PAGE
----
Saturday, April 19, 2008

T4G08 & NWA08 - Doing unity, lessons from conferences

In some circles unity is highly prized. Chiefly in Jesus' circle - he prays for his people to be united. But what kind of unity? Does it mean we have to do everything together? Clearly in some cases - gathering Christians into local churches is a key way to be together. And, I think, gathering them as mission teams in certain contexts (such as with students) is another. But trying to always do everything together seems somewhat unnecessary. What is more useful day-to-day is to be supportive of one another in prayer and speech and in meeting needs while we get on with the ministry God has called us to.

But, what happens when you try to unite from accross the streams and denominations for a conference? Is it to live the impossible dream to imagine that American baptists, presbyterians and 'reformed charismatics' can hang out together for 3 days in a Louisville conference center without killing one another? Is it lunacy to think that you can put British baptists, anglicans (in their various streams), newfrontiersvineyard, fiec Christians together for five days in a cold caravan park in north Wales and achieve anything? The UCCF guys are used to mixing it up across the spectrum but this isn't normal for most of the UK church. Some who believe in tongues and prophecy today... some who think that there should be bishops, others Apostles apostles, other still just elders... some who baptise one way, while others another. The possible pitfalls are endless but the common ground is no lowest common denominator, rather it is the greatest treasure of all.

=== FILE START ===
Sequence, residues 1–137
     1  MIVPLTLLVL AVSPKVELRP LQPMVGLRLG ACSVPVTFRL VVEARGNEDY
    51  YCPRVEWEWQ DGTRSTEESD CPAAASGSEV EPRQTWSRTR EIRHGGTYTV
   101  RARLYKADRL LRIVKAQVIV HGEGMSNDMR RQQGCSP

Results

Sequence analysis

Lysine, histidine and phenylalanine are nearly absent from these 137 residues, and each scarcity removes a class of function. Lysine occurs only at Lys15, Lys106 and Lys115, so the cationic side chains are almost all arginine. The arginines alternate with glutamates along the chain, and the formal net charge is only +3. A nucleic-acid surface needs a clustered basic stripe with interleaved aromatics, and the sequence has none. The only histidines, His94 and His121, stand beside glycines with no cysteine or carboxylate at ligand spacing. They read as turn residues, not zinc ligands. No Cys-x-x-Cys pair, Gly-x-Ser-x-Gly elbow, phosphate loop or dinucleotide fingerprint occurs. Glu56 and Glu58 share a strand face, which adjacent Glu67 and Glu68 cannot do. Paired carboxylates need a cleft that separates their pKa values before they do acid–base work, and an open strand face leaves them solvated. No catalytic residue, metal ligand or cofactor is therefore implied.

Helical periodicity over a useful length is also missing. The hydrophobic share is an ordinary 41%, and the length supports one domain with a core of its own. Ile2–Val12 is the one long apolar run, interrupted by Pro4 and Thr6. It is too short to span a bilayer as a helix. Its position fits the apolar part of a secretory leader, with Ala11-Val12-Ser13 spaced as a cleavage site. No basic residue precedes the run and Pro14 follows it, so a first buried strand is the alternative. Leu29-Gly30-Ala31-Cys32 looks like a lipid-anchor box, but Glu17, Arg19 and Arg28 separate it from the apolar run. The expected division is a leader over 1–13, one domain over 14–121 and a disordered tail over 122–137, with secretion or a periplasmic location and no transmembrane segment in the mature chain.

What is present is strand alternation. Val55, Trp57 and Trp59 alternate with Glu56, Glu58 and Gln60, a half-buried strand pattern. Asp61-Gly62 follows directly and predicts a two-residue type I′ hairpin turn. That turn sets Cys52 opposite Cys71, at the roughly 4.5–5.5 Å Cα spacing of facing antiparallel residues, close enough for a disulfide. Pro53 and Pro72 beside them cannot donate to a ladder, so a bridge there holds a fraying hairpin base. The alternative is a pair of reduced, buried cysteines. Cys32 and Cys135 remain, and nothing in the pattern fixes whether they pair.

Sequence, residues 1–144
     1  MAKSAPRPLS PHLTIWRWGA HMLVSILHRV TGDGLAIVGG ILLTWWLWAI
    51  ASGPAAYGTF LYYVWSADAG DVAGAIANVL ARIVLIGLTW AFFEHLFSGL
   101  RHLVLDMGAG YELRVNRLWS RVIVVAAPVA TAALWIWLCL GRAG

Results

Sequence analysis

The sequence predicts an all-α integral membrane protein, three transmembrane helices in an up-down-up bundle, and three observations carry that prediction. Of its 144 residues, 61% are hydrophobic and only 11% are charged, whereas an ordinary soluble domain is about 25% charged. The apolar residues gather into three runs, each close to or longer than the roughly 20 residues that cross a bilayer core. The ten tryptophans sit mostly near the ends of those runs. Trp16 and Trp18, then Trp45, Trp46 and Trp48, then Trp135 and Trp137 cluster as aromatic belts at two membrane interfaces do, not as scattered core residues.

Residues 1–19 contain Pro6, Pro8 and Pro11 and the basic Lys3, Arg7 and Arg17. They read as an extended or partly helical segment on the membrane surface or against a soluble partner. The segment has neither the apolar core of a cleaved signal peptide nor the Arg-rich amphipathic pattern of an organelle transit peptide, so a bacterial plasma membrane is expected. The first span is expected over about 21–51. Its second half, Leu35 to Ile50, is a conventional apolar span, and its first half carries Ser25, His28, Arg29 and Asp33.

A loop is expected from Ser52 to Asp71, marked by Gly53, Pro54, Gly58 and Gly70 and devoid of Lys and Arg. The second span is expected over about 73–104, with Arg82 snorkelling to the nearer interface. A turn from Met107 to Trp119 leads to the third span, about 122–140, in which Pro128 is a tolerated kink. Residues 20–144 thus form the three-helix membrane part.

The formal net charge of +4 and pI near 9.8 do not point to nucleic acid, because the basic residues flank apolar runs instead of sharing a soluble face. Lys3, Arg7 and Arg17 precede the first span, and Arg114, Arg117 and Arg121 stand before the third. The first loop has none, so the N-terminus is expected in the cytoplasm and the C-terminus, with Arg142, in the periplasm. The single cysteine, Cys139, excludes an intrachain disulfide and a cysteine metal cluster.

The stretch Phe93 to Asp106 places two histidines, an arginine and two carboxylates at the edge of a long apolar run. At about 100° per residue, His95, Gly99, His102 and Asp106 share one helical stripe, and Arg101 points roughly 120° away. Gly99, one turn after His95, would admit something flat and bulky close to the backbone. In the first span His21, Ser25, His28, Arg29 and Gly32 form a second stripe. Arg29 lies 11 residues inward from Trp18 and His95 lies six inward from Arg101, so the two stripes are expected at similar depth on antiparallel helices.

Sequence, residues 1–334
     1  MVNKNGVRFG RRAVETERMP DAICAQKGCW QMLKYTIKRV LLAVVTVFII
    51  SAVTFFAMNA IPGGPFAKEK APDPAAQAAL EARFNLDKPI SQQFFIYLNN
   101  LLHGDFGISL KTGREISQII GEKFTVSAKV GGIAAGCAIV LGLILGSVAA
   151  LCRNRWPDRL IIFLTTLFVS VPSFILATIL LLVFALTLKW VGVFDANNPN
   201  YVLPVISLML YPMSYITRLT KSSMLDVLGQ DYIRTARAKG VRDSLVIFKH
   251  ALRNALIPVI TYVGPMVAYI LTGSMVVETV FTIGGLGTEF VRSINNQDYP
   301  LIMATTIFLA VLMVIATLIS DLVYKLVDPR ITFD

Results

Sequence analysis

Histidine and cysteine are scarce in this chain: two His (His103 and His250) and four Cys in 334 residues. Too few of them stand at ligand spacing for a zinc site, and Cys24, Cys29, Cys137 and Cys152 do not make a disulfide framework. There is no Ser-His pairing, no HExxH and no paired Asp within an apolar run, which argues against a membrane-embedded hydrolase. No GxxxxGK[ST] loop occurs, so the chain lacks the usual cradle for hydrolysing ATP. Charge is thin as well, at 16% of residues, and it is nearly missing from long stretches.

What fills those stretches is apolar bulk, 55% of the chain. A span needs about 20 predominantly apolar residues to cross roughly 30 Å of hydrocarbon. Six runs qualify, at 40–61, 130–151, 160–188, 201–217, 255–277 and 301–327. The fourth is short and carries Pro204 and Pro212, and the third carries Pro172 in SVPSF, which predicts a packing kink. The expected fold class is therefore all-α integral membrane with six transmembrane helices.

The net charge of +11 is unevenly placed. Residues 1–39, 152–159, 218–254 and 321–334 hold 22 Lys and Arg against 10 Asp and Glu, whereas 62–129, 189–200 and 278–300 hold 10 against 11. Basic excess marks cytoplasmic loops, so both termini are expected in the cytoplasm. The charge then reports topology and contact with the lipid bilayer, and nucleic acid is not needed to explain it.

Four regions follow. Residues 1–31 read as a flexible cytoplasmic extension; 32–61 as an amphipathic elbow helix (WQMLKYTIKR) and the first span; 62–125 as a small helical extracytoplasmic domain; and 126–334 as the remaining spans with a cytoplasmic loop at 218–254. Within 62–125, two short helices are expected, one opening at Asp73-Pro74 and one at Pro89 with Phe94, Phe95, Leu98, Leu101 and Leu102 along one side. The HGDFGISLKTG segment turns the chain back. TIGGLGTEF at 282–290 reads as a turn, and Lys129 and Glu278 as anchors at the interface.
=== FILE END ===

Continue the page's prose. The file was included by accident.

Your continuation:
The last fortnight says to me, IT CAN BE DONE. But it's not easy. Fundamental to making this happen is the glue. The central sticky ground of the glorious gospel of Jesus Christ. These two conferences are born out of a desire to gather Christians for the benefit of the local church on the (doctrinal) basis of the gospel. Provide them with the highest quality of gospel-centred Bible teachers and preachers and you're on strong ground. You need your rockstars like Piper, Virgo and Carson, a Mohler, Duncan and a Dever, a couple of veterans like MacArthur and Sproul, an 'average pastor' like Mahaney and then the new kid Thabiti to blow them all away.

Still, when Christians gather for conferences they don't just listen to preaching. They need to eat and drink. That's ok because the Brits can find a source of beer and the rest will find somewhere to socialise. But Christians also sing. And here comes the usual sticking point.

Observe, New Word Alive. Bring in Soul Survivor's Sam Parker and Lisa Francis, plus Stuart Townend and Lou Fellingham & co. Let them lead but recognise that out of courtesy to the less charismatic / more traditional things might need to be a bit more restrained than usual - though that isn't going to stop my good friend Sean Green from giving his all along with the very many other 'charismatics' in the room, whilst not shocking the life out of those who aren't used to more than psalms or the 'hymn-sandwich'.

Observe, Together for the Gospel. Bring in the gentleman, Bob Kauflin from the charismatic continuationist stable, but have him lead with a piano and voice with a grand range of old hymns.
In both cases the principle is one of respect and love. Grabbing extreme positions inevitably makes things difficult, and when coming together around gospel we can lovingly lay down other preferences for the sake of our brothers and sisters - whatever direction you're coming in from.

One last ingredient is needed. A good dose of self-deprecating humour so that we don't proudly take ourselves too seriously about everything. Being with those who are not 'LIKE ME' is never going to be easy, but call me an optimist or just call me a believer in the gospel - it can be done. Let us be serious above all else when it comes to the gospel, but equally warm and humourous about our own traditions and quirks - and so in love gather for the greatest cause of all: The Gospel.

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